I'm playing with some generally well written and parsed java code, but there are some oddities thrown up by my code scanning tool.

I know a null pointer dereference can crash a program, but assuming the code is written to catch and manage all exceptions, does anyone know of a real attack that could use this issue?

Code snippets gratefully received :-)


4 Answers 4


If you try to use pointer that is null, Java will throw a NullPointerException. Since this is a RuntimeException, you don't have to catch it, but you can. So for example

String iAmNull = null;

will throw a NullPointException and exit the program. If however you catch it

try {
    String iAmNull = null;<br>
} catch (NullPointerException e) {
    log.warn("Null pointer in method x")

it will continue to run and simply log the error (if you have set up a logger of course). Alternatively, it is also possible to catch Exception e.

Attacks based on null pointers in Java are theoretically impossible, since the Java Virtual Machine handles all pointers, so it shouldn't be a problem if you have a NullPointer in your code.

  • I'd plus 1 but have hit my vote limit today. Good point about it being theoretically impossible. Mar 4, 2011 at 12:14
  • I seem to remember reading some research a year or 2 ago, about some possible attack based on null dereference in Java, in certain scenarios. I cannot find it though....
    – AviD
    Mar 5, 2011 at 18:28
  • 2
    This answer is absolutely wrong. There is no theoretical basis for saying that null pointers can never lead to a security flaw. Surely it is possible that a null pointer bug could lead to a security flaw if, e.g., it is part of a logic flaw in security-critical code.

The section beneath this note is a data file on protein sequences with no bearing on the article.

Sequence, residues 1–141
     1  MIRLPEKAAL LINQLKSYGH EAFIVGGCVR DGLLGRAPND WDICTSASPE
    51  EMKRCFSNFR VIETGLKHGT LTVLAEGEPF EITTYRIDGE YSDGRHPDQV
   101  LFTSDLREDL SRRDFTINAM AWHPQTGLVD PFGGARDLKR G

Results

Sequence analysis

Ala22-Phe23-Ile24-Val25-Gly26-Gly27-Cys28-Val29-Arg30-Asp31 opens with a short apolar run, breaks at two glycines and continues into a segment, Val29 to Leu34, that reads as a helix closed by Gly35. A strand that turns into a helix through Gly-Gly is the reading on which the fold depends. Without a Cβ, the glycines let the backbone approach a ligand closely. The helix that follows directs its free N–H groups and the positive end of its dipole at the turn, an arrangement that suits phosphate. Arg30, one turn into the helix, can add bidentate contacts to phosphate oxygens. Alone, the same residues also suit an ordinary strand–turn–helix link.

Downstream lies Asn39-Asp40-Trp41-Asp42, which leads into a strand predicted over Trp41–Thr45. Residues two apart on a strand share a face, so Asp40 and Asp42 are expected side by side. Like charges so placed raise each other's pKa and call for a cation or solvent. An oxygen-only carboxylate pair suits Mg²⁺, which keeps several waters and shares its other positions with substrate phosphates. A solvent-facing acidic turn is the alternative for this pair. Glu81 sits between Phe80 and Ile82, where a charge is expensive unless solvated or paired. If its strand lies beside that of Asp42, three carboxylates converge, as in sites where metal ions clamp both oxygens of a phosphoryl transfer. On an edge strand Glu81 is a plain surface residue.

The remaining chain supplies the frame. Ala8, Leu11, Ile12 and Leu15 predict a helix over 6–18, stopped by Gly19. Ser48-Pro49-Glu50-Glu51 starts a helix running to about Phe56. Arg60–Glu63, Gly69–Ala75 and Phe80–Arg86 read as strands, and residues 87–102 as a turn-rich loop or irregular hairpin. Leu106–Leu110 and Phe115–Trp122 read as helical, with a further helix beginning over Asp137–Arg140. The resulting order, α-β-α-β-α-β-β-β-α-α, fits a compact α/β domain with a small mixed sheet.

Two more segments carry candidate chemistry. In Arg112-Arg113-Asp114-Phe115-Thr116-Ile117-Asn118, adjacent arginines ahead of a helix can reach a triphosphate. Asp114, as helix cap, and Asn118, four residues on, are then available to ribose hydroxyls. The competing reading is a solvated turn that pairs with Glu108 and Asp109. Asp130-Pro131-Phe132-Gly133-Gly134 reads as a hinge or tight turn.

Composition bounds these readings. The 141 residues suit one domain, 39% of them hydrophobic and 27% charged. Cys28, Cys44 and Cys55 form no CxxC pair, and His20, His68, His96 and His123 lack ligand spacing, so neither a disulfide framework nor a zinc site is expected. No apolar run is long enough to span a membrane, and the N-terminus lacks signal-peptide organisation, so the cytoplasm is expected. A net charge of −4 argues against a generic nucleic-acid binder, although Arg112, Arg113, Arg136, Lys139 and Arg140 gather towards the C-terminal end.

– D.W.
    Mar 6, 2011 at 0:53

Theoretically, any kind of null-pointer dereferencing in Java triggers a NullPointerException, which can be handled within Java just as any other exception. This does not mean that this is good: in practice, it is quite hard to recover from such an exception except by removing the faulty part (i.e. letting the calling thread die, or getting back to a catch-all clause). Following a null pointer is akin to overrunning a buffer: it is still a bug; the difference here between Java and non-protected languages (such as C) is that Java is more graceful about the consequences of that bug: in particular, the exception will propagate back the call stack, releasing monitors (the synchronized keywords) and executing the finally clauses, and only the faulty thread will be affected.

In practice, however, a few issues may arise. How the JVM traps null pointer dereferences is up to the JVM implementation; but what implementations usually do is the following: they just follow the pointer. If the pointer is null, then this leads to a memory access in the first page of memory, which is access-forbidden by the OS. The OS catches the occurrence (through the MMU) and informs the application in a relatively brutal way (on Unix-like systems, this is a SIGSEGV signal). The JVM receives the information, and transforms it into a NullPointerException.

The conversion from signal to exception is a complex thing because the JVM only receives the offending opcode address, which is somewhere either in the bytecode interpreter, or in the JIT-produced binary code. The JVM must locate the method and the thread stack. This has some fine interactions with how the OS put things in memory in the first place. Such code is quite stable nowadays, on mainstream platforms. However, on a less common combination (Sun's JDK ported to FreeBSD), I sometimes had null pointer dereferences for which the JVM was unable to locate the caller stack (because the JVM code was tuned for Linux, not for FreeBSD, and was apparently making an assumption on where the stack should be, assumption which was not always fulfilled on FreeBSD). Consequence was immediate JVM termination, in a most ungraceful way.